Snapshot: Consumer Spending Patterns Have Changed

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When lockdowns hit during the pandemic, they changed consumer spending patterns overnight. Between February and May 2020, the share of spending on services rather than goods dropped three percentage points (a significant reduction). Services like recreation, transportation, and food and accommodations, which require in-person contact, were severely disrupted, while goods categories like food and beverages, furnishings, and recreational goods experienced a boom, in part due to government stimulus programs and strong household income growth.

Fast forward to today and the services share of total spending has partially rebounded and stabilized – but still well below the pre-pandemic trend. Our colleagues in Goldman Sachs Investment Research recently provided their insights on whether or not the recent imbalance between services and goods spending is likely to persist.

They believe the imbalance is largely driven by strong consumer finances coupled with the persistent shift to working from home, which has led households to reallocate their spending budgets. Three pieces of evidence support the important role of work-from-home in changing spending patterns:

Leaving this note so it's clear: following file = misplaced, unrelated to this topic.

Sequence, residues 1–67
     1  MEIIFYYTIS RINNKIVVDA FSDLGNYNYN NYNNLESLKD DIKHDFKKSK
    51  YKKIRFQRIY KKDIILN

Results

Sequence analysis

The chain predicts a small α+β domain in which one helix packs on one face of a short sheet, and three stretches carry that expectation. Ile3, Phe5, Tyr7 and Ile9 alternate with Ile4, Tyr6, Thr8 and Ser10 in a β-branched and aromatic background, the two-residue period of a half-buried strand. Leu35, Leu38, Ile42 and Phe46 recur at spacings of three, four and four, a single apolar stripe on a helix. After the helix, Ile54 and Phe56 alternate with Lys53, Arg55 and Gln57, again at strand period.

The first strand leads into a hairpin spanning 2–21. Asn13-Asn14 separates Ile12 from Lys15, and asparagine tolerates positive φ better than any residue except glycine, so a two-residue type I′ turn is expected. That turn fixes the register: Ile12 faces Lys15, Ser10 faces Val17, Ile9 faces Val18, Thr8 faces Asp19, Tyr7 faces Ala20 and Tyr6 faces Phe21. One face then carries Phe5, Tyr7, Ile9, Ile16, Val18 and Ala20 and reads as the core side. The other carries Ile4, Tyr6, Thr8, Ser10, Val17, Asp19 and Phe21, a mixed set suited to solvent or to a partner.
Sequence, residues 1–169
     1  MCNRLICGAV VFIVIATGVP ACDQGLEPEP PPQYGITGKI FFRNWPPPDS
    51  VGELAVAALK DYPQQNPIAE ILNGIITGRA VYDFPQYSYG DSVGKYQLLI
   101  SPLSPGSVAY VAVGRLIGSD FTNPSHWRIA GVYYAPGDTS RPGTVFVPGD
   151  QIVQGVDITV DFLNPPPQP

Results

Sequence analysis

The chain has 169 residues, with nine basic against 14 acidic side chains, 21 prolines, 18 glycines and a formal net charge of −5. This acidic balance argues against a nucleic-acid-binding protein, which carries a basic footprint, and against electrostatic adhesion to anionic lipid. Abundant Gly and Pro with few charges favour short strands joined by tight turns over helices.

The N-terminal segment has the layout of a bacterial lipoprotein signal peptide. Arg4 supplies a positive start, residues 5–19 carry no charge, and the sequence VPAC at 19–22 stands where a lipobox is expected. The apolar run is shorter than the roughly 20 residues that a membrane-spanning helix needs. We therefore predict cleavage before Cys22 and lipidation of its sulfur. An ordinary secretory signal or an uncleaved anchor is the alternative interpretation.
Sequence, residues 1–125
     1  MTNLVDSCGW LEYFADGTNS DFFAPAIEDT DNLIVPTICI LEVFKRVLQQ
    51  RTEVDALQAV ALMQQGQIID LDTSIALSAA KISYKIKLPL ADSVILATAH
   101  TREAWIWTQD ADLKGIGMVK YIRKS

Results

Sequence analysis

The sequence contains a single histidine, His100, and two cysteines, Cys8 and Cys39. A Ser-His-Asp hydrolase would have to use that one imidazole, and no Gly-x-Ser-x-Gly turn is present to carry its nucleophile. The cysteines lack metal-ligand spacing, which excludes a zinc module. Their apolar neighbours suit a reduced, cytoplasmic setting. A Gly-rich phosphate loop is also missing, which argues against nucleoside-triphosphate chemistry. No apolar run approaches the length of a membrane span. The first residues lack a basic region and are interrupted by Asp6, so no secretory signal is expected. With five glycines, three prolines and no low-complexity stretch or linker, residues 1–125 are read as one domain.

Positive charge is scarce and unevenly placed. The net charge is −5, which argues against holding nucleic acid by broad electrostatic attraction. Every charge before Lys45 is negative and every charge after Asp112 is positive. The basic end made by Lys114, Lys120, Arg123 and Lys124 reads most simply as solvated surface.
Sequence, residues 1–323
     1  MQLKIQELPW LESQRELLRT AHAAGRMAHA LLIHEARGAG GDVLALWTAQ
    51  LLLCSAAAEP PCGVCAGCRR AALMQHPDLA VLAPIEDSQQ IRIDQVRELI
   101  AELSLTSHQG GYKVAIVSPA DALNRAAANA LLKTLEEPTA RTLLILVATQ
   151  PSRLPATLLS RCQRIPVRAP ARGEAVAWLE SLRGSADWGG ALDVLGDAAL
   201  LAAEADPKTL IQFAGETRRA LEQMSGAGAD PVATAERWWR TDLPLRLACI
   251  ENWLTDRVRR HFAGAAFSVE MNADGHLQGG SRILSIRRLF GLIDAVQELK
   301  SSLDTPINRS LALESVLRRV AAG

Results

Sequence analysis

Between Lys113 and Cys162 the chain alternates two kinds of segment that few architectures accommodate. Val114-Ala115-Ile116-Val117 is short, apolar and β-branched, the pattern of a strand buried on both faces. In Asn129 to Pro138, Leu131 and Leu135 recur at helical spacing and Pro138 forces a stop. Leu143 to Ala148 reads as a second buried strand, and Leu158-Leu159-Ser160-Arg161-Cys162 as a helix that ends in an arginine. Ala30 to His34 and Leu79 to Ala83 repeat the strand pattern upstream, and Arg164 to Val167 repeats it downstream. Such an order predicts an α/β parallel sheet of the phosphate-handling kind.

• Spending on office-adjacent services – such as personal care, clothing and ground transportation – has shrunk more than spending on leisure-related services – such as movies, live entertainment and restaurants.
  • Goods with the most elevated spending are often close substitutes for out-of-home services that have seen reduced consumer spending shares. For example, electronics and communication goods could replace certain commuting costs; personal care products substitute for personal care services; and recreational items may replace outdoor leisure activity services.
  • Metro-level credit-card spending data shows that each 1% increase in the work-from-home rate is associated with a 0.2% increase in goods spending and a 0.8-1.4% reduction in spending on in-person services and transportation.

So, has the goods-to-services rebalancing gone as far as it’s going to go for now? Our Research colleagues believe a full return to pre-pandemic spending patterns would require a reduction of 5-8% in the work-from-home rate. However, the work-from-home rate has stabilized at 22% over the past two years even as labor market conditions have eased. Even if easing labor conditions ultimately decrease the demand for remote workers, which seems likely, the share of work done remotely may adjust very gradually. And this suggests the shift in spending patterns is likely here to stay for the foreseeable future.

This article is for informational purposes only and is not a substitute for individualized professional advice. Articles on this website were commissioned and approved by Marcus by Goldman Sachs®, but may not reflect the institutional opinions of The Goldman Sachs Group, Inc., Goldman Sachs Bank USA, Goldman Sachs & Co. LLC or any of their affiliates, subsidiaries or divisions.